Yeah, it will be worse than burning your house down: they drag you away and stick you in a cage. And if they have to burn your house down to do it, they’re fine with that too.

The only difference between your firefighting example and the government’s scheme for the same is, as you said, voting. And if you think that matters, you’re a fool. No amount of verbiage or secular prayer will make the likelihood of your vote affecting an actual outcome any higher than it is.

Your example is not on your side. Nowhere did you mention how effectively this fire cartel puts out fires, or what they charge relative to the alternative. What we call the “government” is just the winning cartel. Part of the reason it won is good advertising. They used to sell their product as divine right; now it’s “democracy.” (An improvement? I’m willing to say that maybe it is.) All the libertarians are really trying to say is that we should acknowledge that when we compare different kinds of institutions.

J Thomas July 12, 2011 at 2:10 pm

The only difference between your firefighting example and the government’s scheme for the same is, as you said, voting. ….

Your example is not on your side.

You two make it look pretty bleak. Government is bad. Self-appointed government is no better.

I say, a pox on both your houses.

Government attracts bad guys. OK, and no government attracts bad guys who make government. I ask libertarians how they stop that. They say they will educate people not to do it. Then they say if an armed gang tries to start a government, they will make a bigger better armed gang to stop them. But they won’t do anything bad themselves, because they’re the good guys.

I say it’s spinach, and I say the hell with it.

Dan in Euroland July 11, 2011 at 9:56 am

Summary?

Andrew' July 11, 2011 at 10:16 am

“But there are always taxpayers and taxeaters…”

Figleaf: “By this logic, of course, it’s idiotic to buy fire insurance as well because there are always insurancepayers and insuranceeaters as well.”

No, there is no “logic” in Alex’s statement of fact. You are projecting.

Foo Fighter July 11, 2011 at 3:39 pm

Read the definition of logic again and come back to the semantic part of your argument. But good summary.

Mine would be shorter. Private action is at best comparable to government action but at least you have a tiny say in government.

figleaf July 11, 2011 at 7:19 pm

Fair enough: “Only morons, potheads, and, evidently ivory-castled urban libertarians think that if you get rid of government nothing else will fill the same niche. It will. Only with radically less Pareto-efficiency.”

figleaf

ladderFF July 11, 2011 at 10:33 am

What an asshole.

Andrew' July 11, 2011 at 10:41 am

“There is no free lunch” is not an opinion, it is a law, it just is. Libertarians don’t have claim to it. It works for everyone.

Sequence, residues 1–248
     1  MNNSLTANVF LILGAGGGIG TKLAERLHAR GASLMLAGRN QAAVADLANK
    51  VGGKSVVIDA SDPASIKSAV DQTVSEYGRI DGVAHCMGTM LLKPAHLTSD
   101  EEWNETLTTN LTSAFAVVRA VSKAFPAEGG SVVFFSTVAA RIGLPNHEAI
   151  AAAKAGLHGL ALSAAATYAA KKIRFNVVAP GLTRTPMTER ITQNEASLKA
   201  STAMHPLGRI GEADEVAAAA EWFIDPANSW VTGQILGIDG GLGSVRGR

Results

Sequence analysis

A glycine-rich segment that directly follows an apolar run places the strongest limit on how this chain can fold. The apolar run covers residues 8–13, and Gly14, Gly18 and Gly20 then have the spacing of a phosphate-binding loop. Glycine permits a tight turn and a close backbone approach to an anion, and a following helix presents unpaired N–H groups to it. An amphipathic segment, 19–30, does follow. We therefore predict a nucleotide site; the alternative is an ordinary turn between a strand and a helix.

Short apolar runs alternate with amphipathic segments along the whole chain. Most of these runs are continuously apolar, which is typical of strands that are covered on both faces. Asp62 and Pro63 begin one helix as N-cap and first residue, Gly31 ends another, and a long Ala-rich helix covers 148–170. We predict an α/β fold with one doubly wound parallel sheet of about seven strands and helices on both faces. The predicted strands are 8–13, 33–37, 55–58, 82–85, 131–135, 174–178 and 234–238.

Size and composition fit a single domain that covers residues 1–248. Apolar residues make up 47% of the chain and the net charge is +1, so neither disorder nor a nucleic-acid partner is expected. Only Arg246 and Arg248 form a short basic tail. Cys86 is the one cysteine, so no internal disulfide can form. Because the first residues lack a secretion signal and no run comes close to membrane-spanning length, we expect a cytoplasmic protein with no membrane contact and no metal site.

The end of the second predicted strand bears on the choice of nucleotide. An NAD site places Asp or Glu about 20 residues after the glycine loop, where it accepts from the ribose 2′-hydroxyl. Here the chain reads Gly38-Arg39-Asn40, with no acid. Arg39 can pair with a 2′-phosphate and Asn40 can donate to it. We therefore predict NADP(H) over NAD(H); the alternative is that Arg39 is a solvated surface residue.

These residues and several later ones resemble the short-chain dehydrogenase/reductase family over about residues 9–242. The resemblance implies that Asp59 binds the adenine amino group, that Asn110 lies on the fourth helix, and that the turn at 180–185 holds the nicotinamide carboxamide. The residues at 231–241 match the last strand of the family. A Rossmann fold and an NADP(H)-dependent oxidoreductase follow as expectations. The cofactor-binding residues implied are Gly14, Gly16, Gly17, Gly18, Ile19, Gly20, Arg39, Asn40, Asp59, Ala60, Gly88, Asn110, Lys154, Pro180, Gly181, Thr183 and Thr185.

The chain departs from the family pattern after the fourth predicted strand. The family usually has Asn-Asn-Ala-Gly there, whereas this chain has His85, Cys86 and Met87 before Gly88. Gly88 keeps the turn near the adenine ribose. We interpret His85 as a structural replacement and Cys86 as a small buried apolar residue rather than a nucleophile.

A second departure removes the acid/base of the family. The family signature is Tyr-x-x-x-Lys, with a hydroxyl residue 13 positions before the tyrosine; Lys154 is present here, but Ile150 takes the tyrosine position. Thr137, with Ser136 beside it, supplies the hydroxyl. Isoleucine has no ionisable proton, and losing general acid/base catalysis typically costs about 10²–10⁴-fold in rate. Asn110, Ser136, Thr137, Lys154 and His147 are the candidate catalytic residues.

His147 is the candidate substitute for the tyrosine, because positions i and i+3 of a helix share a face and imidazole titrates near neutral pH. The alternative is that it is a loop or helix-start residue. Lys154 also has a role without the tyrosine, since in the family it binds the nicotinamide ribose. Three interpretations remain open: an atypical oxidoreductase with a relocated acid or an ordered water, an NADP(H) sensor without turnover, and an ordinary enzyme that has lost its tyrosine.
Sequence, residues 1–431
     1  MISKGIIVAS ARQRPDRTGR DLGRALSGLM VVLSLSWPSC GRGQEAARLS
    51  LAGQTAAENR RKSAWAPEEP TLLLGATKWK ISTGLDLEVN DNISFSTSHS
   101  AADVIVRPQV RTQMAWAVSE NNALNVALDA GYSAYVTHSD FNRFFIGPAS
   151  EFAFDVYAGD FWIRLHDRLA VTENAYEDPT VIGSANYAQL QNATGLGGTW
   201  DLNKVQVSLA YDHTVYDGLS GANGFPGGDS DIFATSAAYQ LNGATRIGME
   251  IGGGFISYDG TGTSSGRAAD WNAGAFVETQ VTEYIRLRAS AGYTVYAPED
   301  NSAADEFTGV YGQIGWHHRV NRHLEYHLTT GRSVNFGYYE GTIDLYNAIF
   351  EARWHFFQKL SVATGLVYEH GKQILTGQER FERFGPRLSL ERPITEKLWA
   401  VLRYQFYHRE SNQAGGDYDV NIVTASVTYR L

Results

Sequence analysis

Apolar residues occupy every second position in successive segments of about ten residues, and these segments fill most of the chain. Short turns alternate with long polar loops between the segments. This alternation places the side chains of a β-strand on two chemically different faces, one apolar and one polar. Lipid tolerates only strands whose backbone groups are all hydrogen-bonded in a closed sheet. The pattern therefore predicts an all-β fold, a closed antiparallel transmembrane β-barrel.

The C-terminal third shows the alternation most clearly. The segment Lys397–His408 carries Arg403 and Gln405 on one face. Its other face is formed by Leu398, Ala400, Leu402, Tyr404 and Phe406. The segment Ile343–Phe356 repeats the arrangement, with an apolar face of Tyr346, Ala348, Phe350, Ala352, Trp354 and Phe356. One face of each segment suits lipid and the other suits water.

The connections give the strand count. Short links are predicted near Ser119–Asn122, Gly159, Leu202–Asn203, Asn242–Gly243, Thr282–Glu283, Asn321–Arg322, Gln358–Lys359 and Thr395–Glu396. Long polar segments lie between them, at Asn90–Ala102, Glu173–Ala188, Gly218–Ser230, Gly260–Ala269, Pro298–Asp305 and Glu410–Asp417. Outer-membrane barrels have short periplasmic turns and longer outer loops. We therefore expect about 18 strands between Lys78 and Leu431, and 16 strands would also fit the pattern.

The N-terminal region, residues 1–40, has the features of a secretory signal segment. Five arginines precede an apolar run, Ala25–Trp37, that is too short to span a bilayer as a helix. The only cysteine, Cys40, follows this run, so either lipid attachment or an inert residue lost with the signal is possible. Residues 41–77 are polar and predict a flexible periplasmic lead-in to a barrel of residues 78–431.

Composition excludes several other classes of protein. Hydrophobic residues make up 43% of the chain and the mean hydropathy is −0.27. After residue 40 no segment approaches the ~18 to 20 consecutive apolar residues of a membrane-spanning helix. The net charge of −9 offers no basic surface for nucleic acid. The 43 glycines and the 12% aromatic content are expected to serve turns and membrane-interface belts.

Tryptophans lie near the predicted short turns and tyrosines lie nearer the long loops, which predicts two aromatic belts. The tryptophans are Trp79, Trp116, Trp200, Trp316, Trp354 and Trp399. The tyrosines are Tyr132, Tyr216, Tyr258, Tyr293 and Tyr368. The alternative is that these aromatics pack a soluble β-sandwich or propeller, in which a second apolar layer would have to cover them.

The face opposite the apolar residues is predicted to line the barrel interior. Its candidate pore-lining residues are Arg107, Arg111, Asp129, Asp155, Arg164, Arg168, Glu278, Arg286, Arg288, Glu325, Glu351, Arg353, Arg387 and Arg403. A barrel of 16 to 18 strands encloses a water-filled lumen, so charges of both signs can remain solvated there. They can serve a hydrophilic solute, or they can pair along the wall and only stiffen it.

That government is the most efficient means of obtaining your goals is an opinion. I’m not saying it’s wrong, but it is an opinion. Government is monopoly. That’s another fact, not opinion. Again, not a value judgment. There might be some things for which monopoly really is the most efficient. From what I’ve seen of the justice system I have doubts that it is more efficient than some alternatives people could come up with.

J Thomas July 11, 2011 at 3:19 pm

“There is no free lunch” is not an opinion, it is a law, it just is.

I wouldn’t call you stupid to believe this, since lots of people say it without thinking about what it means.

There are lots of free lunches. Somebody’s likely to come eat your lunch whenever you aren’t ready to make it too expensive for him. And you might pay more to stop him than he does, but that isn’t the point is it?

Maybe the saying can be salvaged. “Usually there’s no such thing as a free lunch.” “On average, there’s no such thing as a free lunch.” “There’s no such thing as a free lunch for the average citizen.” They all lack that false zing.

I prefer the chinese version.

“A man can wait a long time with his mouth open before a piece of roast duck flies in.”

John Thacker July 11, 2011 at 9:48 am

I would be interested in seeing how many government employees view themselves as “benefiting from a government social program.”

TimK July 11, 2011 at 10:23 am

I’m not sure I understand.

Are saying that if you work for the government and receive a wage that you are on a government social program?

Am I on Citibank’s “social program” when I get my pay check?

Norman Pfyster July 11, 2011 at 3:56 pm

The fact that veteran benefits are included in the survey list seems to imply that someone thinks they are a social program and not compensation.

Sbard July 11, 2011 at 3:59 pm